Manufacturer's Suggested Retail Price (MSRP), also known as "sticker" price, is a recommended selling price that automakers give a new car that is above the invoice price paid by the dealer. It is a price that does not include any options that can be added to a particular car style. When shown as a range, the prices are starting MSRPs, without options, for multiple styles for that model.
This price range reflects the Kelley Blue Book Suggested Retail value for all trim levels, but not necessarily all available options.
The Kelley Blue Book Suggested Retail value represents the amount an auto dealer might ask for a specific vehicle; the actual sale price will vary. A vehicle's popularity, condition, warranty, color and local market conditions are factors involved in determining a final price. The retail value is not a trade-in or private party value.
The Suggested Retail value assumes that the vehicle has been fully reconditioned and has a clean title history. The Suggested Retail value also allows for advertising, sales commissions, insurance and other costs of doing business as a dealer. Most vehicles offered at this price have passed an inspection, and some may carry a warranty. Vehicle mileage is assumed to be normal or below normal.
Best Bets get average or better mpg, have average or better reliability, good crash-test ratings, and our experts' recommendations.
Expert Reviews 1 of 2
By Cars.com Staff
August 31, 2006
Vehicle Overview An all-wheel-drive, V-6 version of the Fusion is newly available for 2007. Side-impact and side curtain airbags will be standard on all trims later in the model year. Additionally, SE and SEL versions now come with a folding front passenger seat. A hybrid version is planned for 2008.
Ford introduced the midsize Fusion sedan for the 2006 model year. The four-door, which featured all-new architecture, was inspired by design elements in Ford's 427 concept car from the 2003 auto show circuit.
The Fusion slots between the company's compact Focus and flagship Five Hundred sedan and comes with a choice of four-cylinder or V-6 power. Fusion sedans are manufactured in Hermosillo, Mexico. The Mercury Milan and Lincoln Zephyr are related models.
Exterior Design cues adapted from the 427 concept sedan include a chrome three-bar grille and multielement projector-beam headlights. A chrome strip decorates the lower edge of the side windows. The mirrors are designed to deflect air downward. Five-spoke alloy wheels are installed. A rear spoiler will be optional on SE and SEL models later in the model year.
Interior Three distinct interior themes are available for the Fusion, which seats up to five occupants. Standard equipment includes a tilt and telescoping steering wheel and a height-adjustable driver's seat. The rear seats are split 60/40 and fold flat with spring assistance, which provides a pass-thru to the trunk. For 2007, SE and SEL trim levels come standard with a folding front passenger seat.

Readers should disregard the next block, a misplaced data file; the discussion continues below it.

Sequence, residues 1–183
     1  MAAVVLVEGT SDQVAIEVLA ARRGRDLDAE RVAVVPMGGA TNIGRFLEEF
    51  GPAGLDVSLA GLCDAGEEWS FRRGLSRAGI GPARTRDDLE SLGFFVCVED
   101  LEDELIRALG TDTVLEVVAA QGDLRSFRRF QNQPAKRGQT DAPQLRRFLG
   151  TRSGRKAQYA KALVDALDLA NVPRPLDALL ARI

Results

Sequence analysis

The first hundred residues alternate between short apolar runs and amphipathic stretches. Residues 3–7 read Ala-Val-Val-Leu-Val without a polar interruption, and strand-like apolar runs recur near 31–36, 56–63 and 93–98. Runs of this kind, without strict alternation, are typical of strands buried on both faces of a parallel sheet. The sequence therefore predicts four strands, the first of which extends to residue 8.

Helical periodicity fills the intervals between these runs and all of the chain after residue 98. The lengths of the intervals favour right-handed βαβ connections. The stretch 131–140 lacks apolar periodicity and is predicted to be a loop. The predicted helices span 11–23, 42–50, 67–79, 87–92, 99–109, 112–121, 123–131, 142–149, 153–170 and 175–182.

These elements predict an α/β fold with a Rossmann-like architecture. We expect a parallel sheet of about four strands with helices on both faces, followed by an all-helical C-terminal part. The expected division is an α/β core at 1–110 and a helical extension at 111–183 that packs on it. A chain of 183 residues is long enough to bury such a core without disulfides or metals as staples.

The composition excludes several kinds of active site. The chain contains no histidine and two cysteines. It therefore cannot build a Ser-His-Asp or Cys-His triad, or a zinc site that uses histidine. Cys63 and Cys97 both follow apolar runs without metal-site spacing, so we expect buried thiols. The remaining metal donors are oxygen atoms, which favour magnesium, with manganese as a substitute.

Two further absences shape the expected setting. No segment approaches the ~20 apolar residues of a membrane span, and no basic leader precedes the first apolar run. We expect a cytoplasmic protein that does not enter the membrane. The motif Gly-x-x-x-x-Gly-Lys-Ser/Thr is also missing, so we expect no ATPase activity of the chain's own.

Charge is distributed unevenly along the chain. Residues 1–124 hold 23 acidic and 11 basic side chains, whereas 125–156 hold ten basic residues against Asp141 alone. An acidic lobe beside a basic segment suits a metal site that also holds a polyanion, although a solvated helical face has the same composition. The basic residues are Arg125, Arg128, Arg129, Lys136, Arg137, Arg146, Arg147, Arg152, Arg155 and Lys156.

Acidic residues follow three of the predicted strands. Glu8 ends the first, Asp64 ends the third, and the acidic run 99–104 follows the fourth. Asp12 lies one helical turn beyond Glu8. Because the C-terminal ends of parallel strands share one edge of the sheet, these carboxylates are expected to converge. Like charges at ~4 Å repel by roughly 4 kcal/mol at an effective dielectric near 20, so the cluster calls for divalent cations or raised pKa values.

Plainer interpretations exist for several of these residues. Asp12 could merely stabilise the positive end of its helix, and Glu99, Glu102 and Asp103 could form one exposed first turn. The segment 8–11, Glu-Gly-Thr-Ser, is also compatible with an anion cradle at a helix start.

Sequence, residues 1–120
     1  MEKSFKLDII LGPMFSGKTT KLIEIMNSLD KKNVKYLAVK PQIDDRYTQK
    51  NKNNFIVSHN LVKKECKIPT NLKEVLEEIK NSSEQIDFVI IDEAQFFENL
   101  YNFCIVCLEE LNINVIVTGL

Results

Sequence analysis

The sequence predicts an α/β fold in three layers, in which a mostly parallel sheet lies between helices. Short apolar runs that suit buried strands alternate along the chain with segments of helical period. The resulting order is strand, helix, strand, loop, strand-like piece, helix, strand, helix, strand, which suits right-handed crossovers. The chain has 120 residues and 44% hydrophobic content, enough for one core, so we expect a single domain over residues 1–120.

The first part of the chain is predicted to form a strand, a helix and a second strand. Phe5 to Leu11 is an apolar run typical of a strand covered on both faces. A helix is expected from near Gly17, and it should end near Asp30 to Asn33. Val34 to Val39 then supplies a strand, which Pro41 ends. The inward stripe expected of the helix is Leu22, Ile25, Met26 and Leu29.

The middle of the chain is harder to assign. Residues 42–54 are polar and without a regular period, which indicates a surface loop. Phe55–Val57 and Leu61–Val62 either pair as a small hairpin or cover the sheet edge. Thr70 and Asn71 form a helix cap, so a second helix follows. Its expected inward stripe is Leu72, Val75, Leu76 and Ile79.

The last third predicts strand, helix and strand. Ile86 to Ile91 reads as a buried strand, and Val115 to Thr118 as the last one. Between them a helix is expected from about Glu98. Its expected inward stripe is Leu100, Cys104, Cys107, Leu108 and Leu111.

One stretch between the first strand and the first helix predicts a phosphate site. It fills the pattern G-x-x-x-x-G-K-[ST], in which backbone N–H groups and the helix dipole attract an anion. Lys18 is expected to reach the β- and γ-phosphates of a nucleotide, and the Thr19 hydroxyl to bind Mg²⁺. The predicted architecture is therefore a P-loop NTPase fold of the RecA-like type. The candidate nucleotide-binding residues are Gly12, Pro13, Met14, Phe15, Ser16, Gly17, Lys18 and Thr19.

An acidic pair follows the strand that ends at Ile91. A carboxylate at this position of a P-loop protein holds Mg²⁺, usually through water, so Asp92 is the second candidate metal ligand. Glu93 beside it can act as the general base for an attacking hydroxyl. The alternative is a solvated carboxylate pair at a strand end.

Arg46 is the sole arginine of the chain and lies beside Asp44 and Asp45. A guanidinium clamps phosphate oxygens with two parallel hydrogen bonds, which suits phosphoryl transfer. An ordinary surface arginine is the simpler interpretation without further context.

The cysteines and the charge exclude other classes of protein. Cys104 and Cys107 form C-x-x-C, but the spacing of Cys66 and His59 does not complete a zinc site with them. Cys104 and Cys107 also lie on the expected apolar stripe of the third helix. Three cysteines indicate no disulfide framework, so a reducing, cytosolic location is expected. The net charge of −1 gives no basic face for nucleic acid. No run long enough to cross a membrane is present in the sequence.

Available features include heated front seats and an in-dash six-CD changer that can read MP3-encoded discs. Trunk capacity is 15.8 cubic feet. Ford says the trunk has a flat load floor and a low liftover height for the trunk opening. The Fusion's compact trunk hinges won't crush cargo.
Ford says interior designers wore size 14 shoes to affirm that a larger person could enter and exit the Fusion without difficulty. They achieved such a goal by moving the rear door as far back toward the C-pillar as possible. An optional charcoal-black leather interior with oatmeal-colored seat stitching and Piano Black trim was inspired by the 427 concept.
Under the Hood The Fusion's 2.3-liter four-cylinder develops 160 horsepower at 6,500 rpm. The available 3.0-liter V-6 produces 221 hp at 6,250 rpm. Both dual-overhead-cam engines have intake variable camshaft timing, four valves per cylinder and electronic throttle control. The four-cylinder can team with either a five-speed manual gearbox or a five-speed automatic, but the V-6-powered Fusion works only with a six-speed automatic.
All-wheel drive is newly available in the V-6 version of the SE and SEL for 2007.
Safety All-disc brakes are standard. Side-impact and side curtain airbags will be installed on all trims later in the 2007 model year. Antilock brakes with electronic brake-force distribution are optional.
Driving Impressions While it's not quite as earthshaking as Ford marketers suggest, the Fusion is a credible four-door sedan that's priced reasonably, has appealing fuel economy and delivers satisfying road behavior. Performance with the V-6 is better than the midsize norm, and the Fusion's six-speed automatic functions capably. Some gear changes are virtually seamless and others are mildly noticeable, but none are awkward or bothersome.
This sedan maneuvers smartly through narrow, curvy roads and follows the driver's lead without much fuss. However, when a curve is especially tight and speed is relatively high, the Fusion does start to lose its confident sure-footedness. On smooth highways and expressways, the Fusion rides comfortably. When the surface gets bumpy, the sedan can transmit quite a few jolts to occupants. The brakes behave well in demanding driving and are easy to modulate.
Curious-looking gauges aren't the easiest to read at a glance, and the fuel and temperature gauges are tiny. Slipping into the front seat is a breeze, and space is abundant. Well-cushioned, supportive seats are installed. Backseat space isn't quite as ample as expected from a midsize sedan; some passengers' knees could touch the front seatback, and the center rear position is no pleasure.
Visibility is a little limited by the modestly sized back window and wide rear pillars. The sizable glove box is easy to reach, and the spacious trunk is easy to load.
Expert Reviews 1 of 2
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